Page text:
‘I always felt excluded’: Indigo tackles waste with style

DOING IT HERSELF: Indigo Walker ahead of her fashion label's launch at Funhouse Studio on Friday from 6pm. Picture: Alasdair McDonald
DOING IT HERSELF: Indigo Walker ahead of her fashion label's launch at Funhouse Studio on Friday from 6pm. Picture: Alasdair McDonald

Sixteen-year-old fashion entrepreneur Indigo Walker was inspired to delve into the business world during a window shopping moment in the upmarket resort town of Noosa.

“It was hot and expensive, and there was underwear there that we liked that was really impractical for bigger sized people for $200, so we thought we could make it ourselves, ” she said.

Indigo is launching her brand Topsy-Turvy Intimates on Friday, with a pop-up shop and fashion show at Funhouse Studio, featuring her hand-made clothing conjured from recycled fabrics from donations, second-hand stores, and her own clothes.

“It makes it cheap to make, and there’s so much textile waste. The average family throws so much into landfill each year, it is ridiculous,” she said.

Indigo has tapped a market of consumers looking for something unique, created with little to no impact on the environment.

“There’s lots of Indie chicks, for want of a better word, and hipsters get street cred from saying they have sustainable clothes, and also middle-aged women are interested,” she said.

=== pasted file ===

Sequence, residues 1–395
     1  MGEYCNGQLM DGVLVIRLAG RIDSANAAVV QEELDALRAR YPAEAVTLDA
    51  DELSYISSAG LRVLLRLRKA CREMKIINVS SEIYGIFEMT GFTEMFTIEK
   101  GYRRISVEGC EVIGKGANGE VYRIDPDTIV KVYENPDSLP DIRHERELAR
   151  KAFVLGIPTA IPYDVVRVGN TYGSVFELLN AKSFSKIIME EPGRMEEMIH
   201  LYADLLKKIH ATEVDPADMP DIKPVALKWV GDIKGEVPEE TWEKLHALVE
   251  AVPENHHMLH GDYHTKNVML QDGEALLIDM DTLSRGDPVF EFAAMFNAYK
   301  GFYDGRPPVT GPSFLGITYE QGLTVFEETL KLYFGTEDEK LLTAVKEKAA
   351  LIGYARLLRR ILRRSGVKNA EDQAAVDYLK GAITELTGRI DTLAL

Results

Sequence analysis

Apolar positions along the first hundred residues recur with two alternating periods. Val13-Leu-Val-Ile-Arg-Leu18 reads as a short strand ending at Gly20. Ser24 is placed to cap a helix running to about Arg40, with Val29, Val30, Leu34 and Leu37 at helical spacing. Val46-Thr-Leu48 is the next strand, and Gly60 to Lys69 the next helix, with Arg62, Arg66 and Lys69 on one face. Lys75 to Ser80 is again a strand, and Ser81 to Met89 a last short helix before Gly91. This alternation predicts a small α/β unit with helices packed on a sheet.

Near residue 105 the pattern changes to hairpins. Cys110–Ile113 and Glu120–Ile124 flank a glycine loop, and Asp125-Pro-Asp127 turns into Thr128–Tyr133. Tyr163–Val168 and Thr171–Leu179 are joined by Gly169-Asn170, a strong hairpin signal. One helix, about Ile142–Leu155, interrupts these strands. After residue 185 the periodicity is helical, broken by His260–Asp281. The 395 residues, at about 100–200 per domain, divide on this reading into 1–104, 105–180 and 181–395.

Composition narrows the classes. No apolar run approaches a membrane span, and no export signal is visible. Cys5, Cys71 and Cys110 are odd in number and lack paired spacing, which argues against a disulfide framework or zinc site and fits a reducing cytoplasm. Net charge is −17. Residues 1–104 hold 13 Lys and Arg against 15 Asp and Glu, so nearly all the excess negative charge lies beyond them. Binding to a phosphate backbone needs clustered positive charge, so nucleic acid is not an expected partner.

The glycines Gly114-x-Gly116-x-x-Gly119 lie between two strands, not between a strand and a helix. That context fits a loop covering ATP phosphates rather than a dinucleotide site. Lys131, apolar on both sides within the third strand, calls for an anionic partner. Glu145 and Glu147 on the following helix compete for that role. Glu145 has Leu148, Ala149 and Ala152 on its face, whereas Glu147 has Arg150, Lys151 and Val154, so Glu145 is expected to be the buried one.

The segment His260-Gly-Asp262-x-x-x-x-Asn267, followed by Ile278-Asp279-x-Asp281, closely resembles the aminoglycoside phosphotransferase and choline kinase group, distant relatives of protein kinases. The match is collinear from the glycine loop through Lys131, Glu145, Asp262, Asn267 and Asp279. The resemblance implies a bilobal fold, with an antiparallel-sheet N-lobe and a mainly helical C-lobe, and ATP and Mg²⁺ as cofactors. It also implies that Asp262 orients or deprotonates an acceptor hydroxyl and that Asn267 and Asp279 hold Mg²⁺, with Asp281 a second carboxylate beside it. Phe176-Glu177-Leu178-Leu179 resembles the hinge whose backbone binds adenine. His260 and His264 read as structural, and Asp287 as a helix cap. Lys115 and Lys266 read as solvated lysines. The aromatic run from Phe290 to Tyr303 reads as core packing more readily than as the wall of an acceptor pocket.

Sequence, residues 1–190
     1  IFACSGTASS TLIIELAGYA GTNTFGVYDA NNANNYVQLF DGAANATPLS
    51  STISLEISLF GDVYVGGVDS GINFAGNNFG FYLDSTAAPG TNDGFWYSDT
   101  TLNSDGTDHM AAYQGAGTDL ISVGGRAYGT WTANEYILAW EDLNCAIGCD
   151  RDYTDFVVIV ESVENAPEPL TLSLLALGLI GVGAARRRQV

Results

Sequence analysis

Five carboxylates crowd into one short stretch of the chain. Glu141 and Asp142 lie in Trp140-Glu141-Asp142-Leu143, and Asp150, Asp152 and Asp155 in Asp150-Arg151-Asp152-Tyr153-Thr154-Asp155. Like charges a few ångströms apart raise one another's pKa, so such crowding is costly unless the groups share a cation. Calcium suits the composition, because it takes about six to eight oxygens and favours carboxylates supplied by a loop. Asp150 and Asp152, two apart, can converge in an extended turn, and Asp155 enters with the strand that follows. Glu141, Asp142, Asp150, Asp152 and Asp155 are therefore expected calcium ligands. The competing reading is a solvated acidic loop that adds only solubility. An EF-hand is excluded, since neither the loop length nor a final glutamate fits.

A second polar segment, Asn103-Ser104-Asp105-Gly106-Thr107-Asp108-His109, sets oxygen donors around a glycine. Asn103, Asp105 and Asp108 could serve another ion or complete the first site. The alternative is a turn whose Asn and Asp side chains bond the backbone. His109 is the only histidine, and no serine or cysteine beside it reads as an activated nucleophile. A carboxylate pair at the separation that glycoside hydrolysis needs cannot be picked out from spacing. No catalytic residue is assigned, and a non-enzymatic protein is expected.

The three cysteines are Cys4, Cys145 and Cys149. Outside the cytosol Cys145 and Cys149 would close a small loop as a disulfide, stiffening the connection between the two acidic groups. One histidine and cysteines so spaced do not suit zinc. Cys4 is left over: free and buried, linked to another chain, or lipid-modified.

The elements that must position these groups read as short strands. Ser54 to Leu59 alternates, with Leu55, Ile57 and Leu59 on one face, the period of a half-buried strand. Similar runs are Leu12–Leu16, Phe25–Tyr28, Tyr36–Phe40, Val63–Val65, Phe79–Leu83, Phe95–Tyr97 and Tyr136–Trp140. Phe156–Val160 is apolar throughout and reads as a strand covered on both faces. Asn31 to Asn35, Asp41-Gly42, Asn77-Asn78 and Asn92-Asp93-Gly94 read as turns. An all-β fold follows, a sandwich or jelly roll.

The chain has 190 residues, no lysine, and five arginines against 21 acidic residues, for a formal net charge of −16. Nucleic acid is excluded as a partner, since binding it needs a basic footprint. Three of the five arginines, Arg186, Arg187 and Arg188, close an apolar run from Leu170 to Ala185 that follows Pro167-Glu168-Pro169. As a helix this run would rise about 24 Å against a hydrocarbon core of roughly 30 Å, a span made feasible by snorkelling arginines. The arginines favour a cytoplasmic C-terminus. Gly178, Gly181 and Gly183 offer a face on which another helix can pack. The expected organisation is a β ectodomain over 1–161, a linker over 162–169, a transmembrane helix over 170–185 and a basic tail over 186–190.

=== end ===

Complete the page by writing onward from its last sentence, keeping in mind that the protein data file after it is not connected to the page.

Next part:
She said due to the difficulty in buying underwear in sizes outside the marketing norms, and a lack of choice in regional areas, many women go online to shop for what they both want and need.

“I always felt excluded when I saw skinny chicks in the commercials,” Indigo said.

“When you look at what advertising provides, you would think there is just one woman in Australia – tall, skinny and blonde.

“I think almost every woman isn’t being reflected in media and advertising.

“Exclusive brands make sizes to a limit, because they don’t want bigger women to be seen in their underwear.”

With some guidance, and the ease of opening a shopfront in the digital world, Indigo is enjoying the challenge of running her own business.

“The business side has been fine, and [Funhouse Studio director] Cayce [Hill] has helped me a lot,” she said.

“Making an online store is ridiculously easy.”